Judi Segall named ombudsperson

Judi Segall

Conflict management specialist will act as a resource for the MIT community.


The Office of the President has appointed Judi Segall, a highly accomplished conflict management specialist, as MIT’s newest ombudsperson. Segall began in this position on Sept. 2.

Segall joins current ombudsperson Toni Robinson in leading the MIT Ombuds Office, which serves the MIT community as an independent, neutral resource on a wide range of policy and conflict-resolution matters. Segall replaces longtime MIT ombudsperson Mary Rowe, who retired on Sept. 14 after 41 years of service to the Institute.

In her new role, Segall will informally, impartially, and confidentially help MIT community members resolve disputes, convey concerns, and express their points of view. She will also work with her fellow ombuds — including representatives at MIT Lincoln Laboratory — to help identify problems, promote ethical conduct, and facilitate positive growth within the Institute.

Segall joins MIT from Stony Brook University, where she served for the past 17 years as university ombudsman and director of the Stony Brook Ombuds Office. Her responsibilities there included directing management and oversight of all Ombuds Office operations; conducting informal consultations with administrators and managers to raise awareness of systemic problems; and leading conflict management training courses and outreach programs for faculty, students, and staff.

Since 1997, Segall had also been also a clinical lecturer in the Stony Brook School of Social Welfare. There, she developed curriculum for the social work master’s program and taught advanced graduate student seminars on leadership development, organizational change, and conflict management.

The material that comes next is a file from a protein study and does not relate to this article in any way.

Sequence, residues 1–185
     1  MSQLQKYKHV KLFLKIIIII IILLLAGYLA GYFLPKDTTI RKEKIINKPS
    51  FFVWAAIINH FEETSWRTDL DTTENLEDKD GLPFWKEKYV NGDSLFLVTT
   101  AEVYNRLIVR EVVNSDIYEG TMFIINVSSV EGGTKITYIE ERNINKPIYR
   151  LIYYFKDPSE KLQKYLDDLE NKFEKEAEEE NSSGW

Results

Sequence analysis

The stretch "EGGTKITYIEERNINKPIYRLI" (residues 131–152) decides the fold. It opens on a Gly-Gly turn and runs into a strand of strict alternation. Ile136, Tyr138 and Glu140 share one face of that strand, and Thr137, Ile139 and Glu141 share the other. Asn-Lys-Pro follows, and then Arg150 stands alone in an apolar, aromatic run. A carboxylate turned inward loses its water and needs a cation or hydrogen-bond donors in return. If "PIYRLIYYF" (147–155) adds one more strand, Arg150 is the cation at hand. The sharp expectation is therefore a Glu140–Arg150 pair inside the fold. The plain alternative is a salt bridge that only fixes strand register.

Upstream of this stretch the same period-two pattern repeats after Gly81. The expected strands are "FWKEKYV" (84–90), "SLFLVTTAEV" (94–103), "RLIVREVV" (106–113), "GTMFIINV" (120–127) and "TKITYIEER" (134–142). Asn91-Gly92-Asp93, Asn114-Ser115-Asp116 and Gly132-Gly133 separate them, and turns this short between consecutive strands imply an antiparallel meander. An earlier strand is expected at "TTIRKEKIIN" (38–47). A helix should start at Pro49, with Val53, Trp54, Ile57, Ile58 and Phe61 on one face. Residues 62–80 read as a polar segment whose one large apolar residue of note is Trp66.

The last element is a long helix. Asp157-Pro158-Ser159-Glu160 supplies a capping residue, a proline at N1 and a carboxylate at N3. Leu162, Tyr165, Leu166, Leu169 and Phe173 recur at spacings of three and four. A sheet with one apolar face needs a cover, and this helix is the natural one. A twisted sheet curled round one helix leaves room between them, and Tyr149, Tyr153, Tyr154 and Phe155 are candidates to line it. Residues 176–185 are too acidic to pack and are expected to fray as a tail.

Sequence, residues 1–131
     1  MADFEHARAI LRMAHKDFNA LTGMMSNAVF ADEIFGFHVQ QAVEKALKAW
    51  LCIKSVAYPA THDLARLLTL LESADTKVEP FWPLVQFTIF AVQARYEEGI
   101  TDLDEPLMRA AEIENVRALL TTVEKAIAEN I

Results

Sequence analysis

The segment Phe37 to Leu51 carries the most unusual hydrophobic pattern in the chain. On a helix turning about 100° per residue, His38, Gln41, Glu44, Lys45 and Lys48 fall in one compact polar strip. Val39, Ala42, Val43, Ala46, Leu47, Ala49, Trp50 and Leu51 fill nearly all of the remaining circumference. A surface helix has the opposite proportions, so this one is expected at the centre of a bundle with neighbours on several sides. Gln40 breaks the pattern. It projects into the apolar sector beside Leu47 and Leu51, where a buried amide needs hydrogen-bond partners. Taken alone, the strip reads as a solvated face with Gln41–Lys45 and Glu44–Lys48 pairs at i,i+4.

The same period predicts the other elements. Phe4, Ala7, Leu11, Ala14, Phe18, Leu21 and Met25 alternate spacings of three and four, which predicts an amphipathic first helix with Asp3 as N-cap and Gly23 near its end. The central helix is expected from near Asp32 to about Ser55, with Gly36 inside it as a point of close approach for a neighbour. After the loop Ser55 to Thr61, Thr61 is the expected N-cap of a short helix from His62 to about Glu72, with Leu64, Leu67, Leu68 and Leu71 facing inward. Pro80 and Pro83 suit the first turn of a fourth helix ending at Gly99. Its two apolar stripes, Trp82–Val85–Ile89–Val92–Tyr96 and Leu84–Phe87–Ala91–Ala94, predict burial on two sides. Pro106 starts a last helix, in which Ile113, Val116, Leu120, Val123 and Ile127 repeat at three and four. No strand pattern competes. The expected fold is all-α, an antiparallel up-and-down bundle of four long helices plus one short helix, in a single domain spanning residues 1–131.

Prior to her directorship of the Stony Brook Ombuds Office, Segall served from 1989 to 1997 as the executive assistant to Stony Brook’s vice president for student affairs.

Throughout her career, Segall has held various local, national, and international conflict-resolution leadership positions. Most recently, these have included service as president of the International Ombudsman Association; president of the Ombudsman Association; and president of the University and College Ombuds Association.

Segall holds a BA in history from the State University of New York at Oswego and a master’s in social work from Stony Brook University. She was awarded certification from the Center for Mediation in Law in 2005, and in 2011 was certified as an organizational ombudsman practitioner.

The MIT Ombuds Office was established in 1980 by former MIT President Paul Gray to serve as a voice for the students, faculty, and staff of MIT. Currently there are more than 500 academic, corporate, and government ombuds programs across the country, charged with advancing constructive conflict management and supporting positive systems change. Ombudspeople within these programs may also act as consultants and mediators in internal disputes. 


Topics: Community, President L. Rafael Reif, MIT Administration

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